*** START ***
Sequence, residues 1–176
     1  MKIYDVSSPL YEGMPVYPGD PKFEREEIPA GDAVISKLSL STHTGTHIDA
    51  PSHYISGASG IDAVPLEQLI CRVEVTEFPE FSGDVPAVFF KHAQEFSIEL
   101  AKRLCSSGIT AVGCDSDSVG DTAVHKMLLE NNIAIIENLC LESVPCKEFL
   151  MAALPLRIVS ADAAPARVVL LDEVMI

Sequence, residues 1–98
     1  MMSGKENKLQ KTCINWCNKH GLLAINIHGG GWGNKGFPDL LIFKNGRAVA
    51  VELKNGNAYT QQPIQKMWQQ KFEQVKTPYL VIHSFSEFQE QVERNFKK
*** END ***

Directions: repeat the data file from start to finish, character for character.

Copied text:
Sequence, residues 1–176
     1  MKIYDVSSPL YEGMPVYPGD PKFEREEIPA GDAVISKLSL STHTGTHIDA
    51  PSHYISGASG IDAVPLEQLI CRVEVTEFPE FSGDVPAVFF KHAQEFSIEL
   101  AKRLCSSGIT AVGCDSDSVG DTAVHKMLLE NNIAIIENLC LESVPCKEFL
   151  MAALPLRIVS ADAAPARVVL LDEVMI

Sequence, residues 1–98
     1  MMSGKENKLQ KTCINWCNKH GLLAINIHGG GWGNKGFPDL LIFKNGRAVA
    51  VELKNGNAYT QQPIQKMWQQ KFEQVKTPYL VIHSFSEFQE QVERNFKK